Japan’s central bank announced on Tuesday, July 31, that it will maintain the current extremely low levels of short- and long-term interest rates for an “extended period of time.”
The short-term interest rate, which is measured by the interest rate applied to current accounts held by financial institutions at the Bank of Japan (BOJ), will be -0.1 percent. Ten-year Japanese government bond yields, which is an indicator of long-term interest rate, will remain at around zero percent, the BOJ said in a statement.
But the central bank will allow for some fluctuation in the long-term interest rate depending on the situation in economic activity and prices. It also set the volume of annual government bond purchase at 80 trillion yen ($721 billion).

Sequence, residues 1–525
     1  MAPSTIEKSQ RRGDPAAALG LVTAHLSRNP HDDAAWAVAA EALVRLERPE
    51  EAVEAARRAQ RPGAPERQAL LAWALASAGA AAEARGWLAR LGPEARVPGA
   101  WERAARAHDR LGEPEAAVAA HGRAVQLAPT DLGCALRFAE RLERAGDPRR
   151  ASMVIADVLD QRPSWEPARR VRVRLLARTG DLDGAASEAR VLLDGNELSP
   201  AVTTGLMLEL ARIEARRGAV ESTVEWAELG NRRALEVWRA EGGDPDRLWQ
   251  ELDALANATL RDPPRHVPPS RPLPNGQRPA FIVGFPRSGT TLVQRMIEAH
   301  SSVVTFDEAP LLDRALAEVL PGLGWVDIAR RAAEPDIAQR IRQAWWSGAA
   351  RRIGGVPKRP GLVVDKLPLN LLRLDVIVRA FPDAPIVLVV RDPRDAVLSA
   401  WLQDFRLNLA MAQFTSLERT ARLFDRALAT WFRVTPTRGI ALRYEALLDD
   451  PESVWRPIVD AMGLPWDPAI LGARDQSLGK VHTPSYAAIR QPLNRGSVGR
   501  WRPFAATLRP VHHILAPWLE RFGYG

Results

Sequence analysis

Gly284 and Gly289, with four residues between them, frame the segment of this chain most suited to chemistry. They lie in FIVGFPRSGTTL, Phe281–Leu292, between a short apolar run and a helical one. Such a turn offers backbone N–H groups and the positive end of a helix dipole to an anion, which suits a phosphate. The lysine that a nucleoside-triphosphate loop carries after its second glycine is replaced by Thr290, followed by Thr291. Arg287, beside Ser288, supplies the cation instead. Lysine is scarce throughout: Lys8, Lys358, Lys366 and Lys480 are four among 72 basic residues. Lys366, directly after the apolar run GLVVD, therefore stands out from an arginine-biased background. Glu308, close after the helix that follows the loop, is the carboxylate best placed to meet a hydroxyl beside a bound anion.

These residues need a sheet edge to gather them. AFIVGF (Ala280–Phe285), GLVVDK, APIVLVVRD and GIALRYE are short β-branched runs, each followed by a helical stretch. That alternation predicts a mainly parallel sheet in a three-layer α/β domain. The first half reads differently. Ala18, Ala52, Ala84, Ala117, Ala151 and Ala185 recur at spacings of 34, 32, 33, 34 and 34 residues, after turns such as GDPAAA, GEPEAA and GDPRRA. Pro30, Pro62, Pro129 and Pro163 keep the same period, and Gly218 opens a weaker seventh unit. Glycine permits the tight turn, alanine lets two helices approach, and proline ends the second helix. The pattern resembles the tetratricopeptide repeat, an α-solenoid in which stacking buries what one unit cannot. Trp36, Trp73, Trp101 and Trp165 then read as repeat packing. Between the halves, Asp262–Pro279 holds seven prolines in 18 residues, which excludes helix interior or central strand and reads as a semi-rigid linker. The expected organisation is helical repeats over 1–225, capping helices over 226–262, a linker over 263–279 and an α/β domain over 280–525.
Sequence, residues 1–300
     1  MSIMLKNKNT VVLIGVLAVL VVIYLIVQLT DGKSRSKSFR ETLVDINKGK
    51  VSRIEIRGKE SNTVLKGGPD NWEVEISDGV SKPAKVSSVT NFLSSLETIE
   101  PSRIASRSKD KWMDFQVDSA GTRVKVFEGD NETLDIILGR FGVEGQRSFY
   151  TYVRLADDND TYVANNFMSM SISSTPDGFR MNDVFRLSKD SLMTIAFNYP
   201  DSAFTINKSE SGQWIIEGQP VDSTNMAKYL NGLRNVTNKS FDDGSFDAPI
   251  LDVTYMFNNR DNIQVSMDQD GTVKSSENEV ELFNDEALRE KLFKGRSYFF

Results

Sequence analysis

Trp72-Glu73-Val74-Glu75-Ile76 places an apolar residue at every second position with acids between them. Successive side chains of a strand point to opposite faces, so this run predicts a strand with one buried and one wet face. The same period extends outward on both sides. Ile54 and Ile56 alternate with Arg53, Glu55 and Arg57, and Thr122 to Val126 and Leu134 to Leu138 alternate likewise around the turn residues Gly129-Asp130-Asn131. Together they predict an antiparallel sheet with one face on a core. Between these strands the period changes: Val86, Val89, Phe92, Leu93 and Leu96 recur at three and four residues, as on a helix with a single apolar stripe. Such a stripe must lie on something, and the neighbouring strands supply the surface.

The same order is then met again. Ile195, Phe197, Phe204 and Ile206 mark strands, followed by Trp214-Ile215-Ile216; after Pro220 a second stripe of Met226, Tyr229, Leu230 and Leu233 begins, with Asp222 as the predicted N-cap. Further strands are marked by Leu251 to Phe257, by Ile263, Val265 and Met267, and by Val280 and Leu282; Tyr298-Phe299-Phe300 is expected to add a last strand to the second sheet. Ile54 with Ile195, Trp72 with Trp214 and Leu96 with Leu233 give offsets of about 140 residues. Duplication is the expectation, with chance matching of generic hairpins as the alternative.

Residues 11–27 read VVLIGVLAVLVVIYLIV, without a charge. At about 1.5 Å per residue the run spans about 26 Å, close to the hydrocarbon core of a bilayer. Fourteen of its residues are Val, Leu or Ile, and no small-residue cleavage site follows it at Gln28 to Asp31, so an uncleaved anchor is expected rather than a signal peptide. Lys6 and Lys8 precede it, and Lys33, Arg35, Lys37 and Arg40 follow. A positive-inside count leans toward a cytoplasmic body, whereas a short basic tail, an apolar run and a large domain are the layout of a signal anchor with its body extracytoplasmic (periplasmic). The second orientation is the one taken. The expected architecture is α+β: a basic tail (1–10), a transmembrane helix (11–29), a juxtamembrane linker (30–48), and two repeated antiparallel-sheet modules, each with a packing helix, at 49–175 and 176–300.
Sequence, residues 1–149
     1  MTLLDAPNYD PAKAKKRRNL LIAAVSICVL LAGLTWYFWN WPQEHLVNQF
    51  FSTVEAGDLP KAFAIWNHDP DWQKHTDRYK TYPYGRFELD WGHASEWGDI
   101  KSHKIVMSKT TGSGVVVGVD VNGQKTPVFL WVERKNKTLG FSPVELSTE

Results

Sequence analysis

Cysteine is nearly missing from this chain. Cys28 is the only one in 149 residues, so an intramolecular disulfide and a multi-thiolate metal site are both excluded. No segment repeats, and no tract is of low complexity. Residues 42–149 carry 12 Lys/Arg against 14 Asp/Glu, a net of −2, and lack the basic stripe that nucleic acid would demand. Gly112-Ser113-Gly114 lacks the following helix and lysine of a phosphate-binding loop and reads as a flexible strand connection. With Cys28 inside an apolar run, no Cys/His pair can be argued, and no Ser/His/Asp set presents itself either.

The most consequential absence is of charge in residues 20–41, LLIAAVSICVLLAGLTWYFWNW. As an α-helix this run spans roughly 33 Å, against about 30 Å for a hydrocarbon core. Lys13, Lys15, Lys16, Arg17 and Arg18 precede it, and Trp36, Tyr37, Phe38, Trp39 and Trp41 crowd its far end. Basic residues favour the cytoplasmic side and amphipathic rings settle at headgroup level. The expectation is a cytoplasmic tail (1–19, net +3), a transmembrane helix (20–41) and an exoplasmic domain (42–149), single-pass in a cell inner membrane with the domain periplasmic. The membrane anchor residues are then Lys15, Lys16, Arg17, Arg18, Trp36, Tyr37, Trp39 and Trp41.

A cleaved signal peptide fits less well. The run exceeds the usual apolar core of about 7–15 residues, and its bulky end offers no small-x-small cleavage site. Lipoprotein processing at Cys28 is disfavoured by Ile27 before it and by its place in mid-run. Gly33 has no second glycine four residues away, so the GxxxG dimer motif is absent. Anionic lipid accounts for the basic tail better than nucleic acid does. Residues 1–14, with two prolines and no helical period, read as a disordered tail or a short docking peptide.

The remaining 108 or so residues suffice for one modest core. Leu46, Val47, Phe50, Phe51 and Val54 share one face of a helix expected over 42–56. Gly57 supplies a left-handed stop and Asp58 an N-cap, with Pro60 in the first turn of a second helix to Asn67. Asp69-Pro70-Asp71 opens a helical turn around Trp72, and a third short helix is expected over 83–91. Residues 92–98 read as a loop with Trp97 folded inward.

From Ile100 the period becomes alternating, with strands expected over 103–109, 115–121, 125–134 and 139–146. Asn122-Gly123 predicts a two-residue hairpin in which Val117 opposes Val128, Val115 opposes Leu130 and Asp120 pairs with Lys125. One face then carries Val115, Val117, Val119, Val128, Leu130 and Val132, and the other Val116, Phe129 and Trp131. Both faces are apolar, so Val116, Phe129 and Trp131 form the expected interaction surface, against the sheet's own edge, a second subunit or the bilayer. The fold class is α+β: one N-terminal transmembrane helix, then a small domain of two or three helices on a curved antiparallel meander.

The Policy Board of the BOJ also downgraded the inflation rate forecast for 2018, 2019, and 2020. The estimated inflation rate for fiscal year 2018 was revised downward from 1.3 percent to 1.1 percent.
The central bank’s unchanged target of inflation rate is 2 percent.
The BOJ grounded the policy announcement on the current economic situation and the scheduled consumption tax hike in October 2019.
Japan plans to increase the consumption tax rate from current 8 percent to 10 percent in 2019, The Asahi Shimbun reported.
The dollar jumped against the yen—about 0.72 percent higher—after the BOJ announcement. “Clearly the yen is struggling as a result of the Bank of Japan announcement overnight,” said Omer Esiner, the chief market analyst at Commonwealth Foreign Exchange in Washington.
Reuters contributed to this report.